17. ^ Moody, Josh (April 25, 2022). "Emory Drops Names of Eugenicist and Slavery Defender". Inside Higher Ed. Retrieved May 7, 2022.

General references[edit]

  • Yerkes, R M (2000), "Creating a chimpanzee community. 1963", The Yale Journal of Biology and Medicine, vol. 73, no. 1–6, pp. 221–34, PMID 11765942
  • Yerkes, R M (1961), A History of Psychology in Autobiography, vol. 2, pp. 381–407
  • Stark, B P (1985), "The Robert Mearns Yerkes papers", The Yale University Library Gazette. Yale University. Library, vol. 59, no. 3–4, pp. 162–7, PMID 11618320
  • Haraway, D (1979), "The biological enterprise: sex, mind, and profit from human engineering to sociobiology", Radical History Review, vol. Spec, no. 20, pp. 206–37, doi:10.1215/01636545-1979-20-206, PMID 11615095
  • Burnham, J C (1972), "Thorndike's puzzle boxes", Journal of the History of the Behavioral Sciences (published April 1972), vol. 8, no. 2, pp. 159–67, doi:10.1002/1520-6696(197204)8:2<159::AID-JHBS2300080202>3.0.CO;2-P, PMID 11609710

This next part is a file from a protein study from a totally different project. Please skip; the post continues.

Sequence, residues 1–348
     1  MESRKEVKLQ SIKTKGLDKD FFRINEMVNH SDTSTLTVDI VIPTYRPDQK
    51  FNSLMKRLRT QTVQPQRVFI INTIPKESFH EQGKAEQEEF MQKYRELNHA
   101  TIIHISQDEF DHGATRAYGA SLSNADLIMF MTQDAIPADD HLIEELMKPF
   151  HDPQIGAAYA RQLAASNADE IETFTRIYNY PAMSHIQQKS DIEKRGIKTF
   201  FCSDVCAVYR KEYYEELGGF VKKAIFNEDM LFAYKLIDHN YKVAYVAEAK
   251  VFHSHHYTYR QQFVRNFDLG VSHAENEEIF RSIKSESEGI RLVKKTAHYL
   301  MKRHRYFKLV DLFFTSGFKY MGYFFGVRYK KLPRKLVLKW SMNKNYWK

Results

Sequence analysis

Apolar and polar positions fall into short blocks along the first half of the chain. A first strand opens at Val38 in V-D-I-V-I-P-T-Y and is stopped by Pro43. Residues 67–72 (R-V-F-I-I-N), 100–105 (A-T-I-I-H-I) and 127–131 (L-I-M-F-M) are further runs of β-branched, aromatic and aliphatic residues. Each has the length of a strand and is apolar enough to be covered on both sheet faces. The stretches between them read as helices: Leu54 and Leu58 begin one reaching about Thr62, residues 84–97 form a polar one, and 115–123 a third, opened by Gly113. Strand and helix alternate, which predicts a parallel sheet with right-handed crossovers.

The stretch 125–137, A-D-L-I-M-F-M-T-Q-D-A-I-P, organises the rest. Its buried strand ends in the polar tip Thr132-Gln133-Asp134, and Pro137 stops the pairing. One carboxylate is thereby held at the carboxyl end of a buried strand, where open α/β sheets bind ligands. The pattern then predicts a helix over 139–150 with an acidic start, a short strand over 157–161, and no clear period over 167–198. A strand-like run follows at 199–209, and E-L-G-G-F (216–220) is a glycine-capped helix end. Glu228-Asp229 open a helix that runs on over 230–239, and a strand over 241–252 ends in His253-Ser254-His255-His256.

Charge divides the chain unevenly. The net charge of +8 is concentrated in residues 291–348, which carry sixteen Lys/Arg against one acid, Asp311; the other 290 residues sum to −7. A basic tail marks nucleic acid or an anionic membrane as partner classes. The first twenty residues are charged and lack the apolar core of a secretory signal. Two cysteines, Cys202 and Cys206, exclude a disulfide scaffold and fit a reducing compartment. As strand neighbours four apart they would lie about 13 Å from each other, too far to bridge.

• ROOFE, P G (1965), "Significant Segments of the Herrick-Yerkes Correspondence Relative to Psychobiology and Their Personal Philosophies", Perspect. Biol. Med., vol. 8, no. 2, pp. 196–209, doi:10.1353/pbm.1965.0007, PMID 14277643, S2CID 296350
  • Hilgard, E R (1965), "Robert Mearns Yerkes, May 26, 1876--February 3, 1956", Biographical Memoirs of the National Academy of Sciences, vol. 38, pp. 385–425, PMID 11615455
  • CARMICHAEL, L (1957), "R. M. Yerkes, psychobiologist", Science (published September 13, 1957), vol. 126, no. 3272, p. 498, Bibcode:1957Sci...126..498C, doi:10.1126/science.126.3272.498, PMID 13467232
  • CARMICHAEL, L (1957), "Robert Mearns Yerkes, 1876-1956", Psychological Review (published January 1957), vol. 64, no. 1, pp. 1–7, doi:10.1037/h0049362, PMID 13408389
  • ELLIOTT, R M (1956), "Robert Mearns Yerkes: 1876-1956", The American Journal of Psychology (published September 1956), vol. 69, no. 3, pp. 487–94, PMID 13354820

Further reading[edit]

  • Spiro, Jonathan P. (2009), Defending the Master Race: Conservation, Eugenics, and the Legacy of Madison Grant, Univ. of Vermont Press, ISBN 978-1-58465-715-6

External links[edit]

  • Robert Mearns Yerkes papers (MS 569). Manuscripts and Archives, Yale University Library. [1]